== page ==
One morning, after a terrible storm, Stanley Lambchop is nowhere to be found. His family can hear him, and there is a lump under his covers, but no one can find him! Just where is that boy?
Then they discover the truth Stanley is invisible! At first, Stanley is very busy. There's so much for an invisible boy to do. But will he stay that way forever?
About the Author
Jeff Brown created the beloved character of Flat Stanley as a bedtime story for his sons. He has written other outrageous books about the Lambchop family, including Flat Stanley, Stanley and the Magic Lamp, Invisible Stanley, Stanley’s Christmas Adventure, Stanley in Space, and Stanley, Flat Again! You can learn more about Jeff Brown and Flat Stanley at www.flatstanleybooks.com.
Macky Pamintuan is an accomplished artist who lives in the Philippines with his wife, Aymone; their baby girl, Alison; and a West Highland white terrier named Winter.
Read an Excerpt
Where Is Stanley?
"Breakfast is ready, George. We must wake the boys," Mrs. Lambchop said to her husband.
Just then, Arthur Lambchop called from the bedroom he shared with his brother.
"Hey! Come here! Hey!"
Mr. and Mrs. Lambchop smiled, recalling another morning that had begun like this. An enormous bulletin board, they discovered, had fallen on Stanley during the night, leaving him unhurt but no more than half an inch thick.
And so he had remained until Arthur blew him round again, weeks later, with a bicycle pump.
"Hey!" The call came again. "Are you coming? Hey!"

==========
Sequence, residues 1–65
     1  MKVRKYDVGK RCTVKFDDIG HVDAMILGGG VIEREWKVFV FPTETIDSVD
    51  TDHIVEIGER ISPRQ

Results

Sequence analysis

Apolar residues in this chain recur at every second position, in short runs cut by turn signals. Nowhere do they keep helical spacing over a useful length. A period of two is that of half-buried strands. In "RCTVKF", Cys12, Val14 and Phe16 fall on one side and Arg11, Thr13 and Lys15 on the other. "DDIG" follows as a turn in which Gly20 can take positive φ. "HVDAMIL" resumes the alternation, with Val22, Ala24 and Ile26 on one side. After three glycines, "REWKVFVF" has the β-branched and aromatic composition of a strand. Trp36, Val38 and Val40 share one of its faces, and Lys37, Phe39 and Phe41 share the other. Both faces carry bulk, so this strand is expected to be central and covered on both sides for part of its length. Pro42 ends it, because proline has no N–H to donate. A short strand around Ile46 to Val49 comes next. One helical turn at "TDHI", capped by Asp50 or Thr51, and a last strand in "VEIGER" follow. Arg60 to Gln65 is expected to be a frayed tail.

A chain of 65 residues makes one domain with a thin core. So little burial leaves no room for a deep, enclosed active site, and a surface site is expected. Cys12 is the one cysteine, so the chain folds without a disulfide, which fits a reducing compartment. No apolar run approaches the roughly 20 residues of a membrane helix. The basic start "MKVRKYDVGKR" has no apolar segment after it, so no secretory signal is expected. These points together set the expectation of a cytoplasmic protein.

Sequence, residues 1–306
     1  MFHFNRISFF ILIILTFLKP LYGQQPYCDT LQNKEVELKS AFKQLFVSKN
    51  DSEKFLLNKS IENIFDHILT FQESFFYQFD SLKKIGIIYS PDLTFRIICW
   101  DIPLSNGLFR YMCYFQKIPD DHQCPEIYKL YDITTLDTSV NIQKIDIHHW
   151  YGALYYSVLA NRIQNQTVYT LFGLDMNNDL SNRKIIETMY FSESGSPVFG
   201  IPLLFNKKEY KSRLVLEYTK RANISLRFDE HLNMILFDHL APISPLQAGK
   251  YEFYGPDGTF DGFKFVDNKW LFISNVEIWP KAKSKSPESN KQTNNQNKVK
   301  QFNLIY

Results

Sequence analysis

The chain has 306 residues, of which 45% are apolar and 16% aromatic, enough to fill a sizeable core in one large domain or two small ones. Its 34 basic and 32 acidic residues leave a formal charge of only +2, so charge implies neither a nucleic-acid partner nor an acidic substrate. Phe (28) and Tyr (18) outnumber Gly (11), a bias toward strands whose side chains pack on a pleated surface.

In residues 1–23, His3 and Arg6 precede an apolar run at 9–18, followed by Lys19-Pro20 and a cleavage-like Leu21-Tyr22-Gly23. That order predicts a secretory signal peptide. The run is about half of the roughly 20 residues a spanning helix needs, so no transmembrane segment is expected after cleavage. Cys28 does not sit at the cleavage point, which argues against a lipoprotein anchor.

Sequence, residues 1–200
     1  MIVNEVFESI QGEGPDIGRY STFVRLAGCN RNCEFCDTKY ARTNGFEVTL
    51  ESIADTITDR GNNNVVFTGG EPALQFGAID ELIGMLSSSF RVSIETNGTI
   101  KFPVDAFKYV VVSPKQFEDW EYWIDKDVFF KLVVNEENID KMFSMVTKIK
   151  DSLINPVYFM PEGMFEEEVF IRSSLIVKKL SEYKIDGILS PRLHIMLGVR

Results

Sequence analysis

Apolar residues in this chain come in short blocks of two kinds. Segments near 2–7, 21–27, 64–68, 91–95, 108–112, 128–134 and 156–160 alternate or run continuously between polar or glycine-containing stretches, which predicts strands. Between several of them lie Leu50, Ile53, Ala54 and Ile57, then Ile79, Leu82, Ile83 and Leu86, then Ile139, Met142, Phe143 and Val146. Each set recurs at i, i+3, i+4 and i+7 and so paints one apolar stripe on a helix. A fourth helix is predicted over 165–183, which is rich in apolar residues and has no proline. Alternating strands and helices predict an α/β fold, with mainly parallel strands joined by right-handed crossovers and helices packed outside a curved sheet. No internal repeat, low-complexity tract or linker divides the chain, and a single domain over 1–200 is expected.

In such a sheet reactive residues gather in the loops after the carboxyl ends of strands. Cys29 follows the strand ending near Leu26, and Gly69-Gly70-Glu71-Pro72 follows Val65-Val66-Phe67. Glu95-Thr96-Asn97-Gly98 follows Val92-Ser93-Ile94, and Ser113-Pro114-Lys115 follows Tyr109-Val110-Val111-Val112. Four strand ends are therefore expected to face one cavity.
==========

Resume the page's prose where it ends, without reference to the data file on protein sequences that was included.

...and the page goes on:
Mrs. Lambchop held firm views about good manners and correct speech. "Hay is for horses, not people, Arthur," she said as they entered the bedroom. "As well you know."
"Excuse me," said Arthur. "The thing is, I can hear Stanley, but I can't find him!"
Mr. and Mrs. Lambchop looked about the room. A shape was visible beneath the covers of Stanley's bed, and the pillow was squashed down, as if a head rested upon it. But there was no head.
"Why are you staring?" The voice was Stanley's.
Smiling, Mr. Lambchop looked under the bed but saw only a pair of slippers and an old tennis ball. "Not here," he said.
Arthur put out a hand, exploring. "Ouch!" said Stanley's voice. "You poked my nose!"
Mrs. Lambchop stepped forward. "If I may...?" Gently,using both hands, she felt about.
A giggle rose from the bed. "That tickles!"
"Oh, my!" said Mrs. Lambchop.
She looked at Mr. Lambchop and he at her, as they had during past great surprises. Stanley's flatness had been the first of these. Another had come the evening they discovered a young genie, Prince Haraz, in the bedroom with Stanley and Arthur, who had accidentally summoned him from a lamp.
Mrs. Lambchop drew a deep breath. "We must face facts, George. Stanley is now invisible."
"You're right!" said a startled voice from the bed. "I can't see my feet! Or my pajamas!"
"Darndest thing I've ever seen," said Mr. Lambchop. "Or not seen, I should say. Try some other pajamas, Stanley."
Stanley got out of bed and put on different pajamas, but these too vanished, reappearing only when he took them off. It was the same with the shirt and trousers he tried on next.
"Gracious!" Mrs. Lambchop shook her head. "How are we to keep track of you, dear?"
"I know!" said Arthur. Untying a small red balloon, a party favor, that floated above his bed, he gave Stanley the string to hold. "Try this," he said.
The string vanished, but not the balloon.
"There!", said Mrs. Lambchop. "At least we can tell, approximately, where Stanley is. Now let's all have breakfast. Then, George, we must see what Dr. Dan makes of this."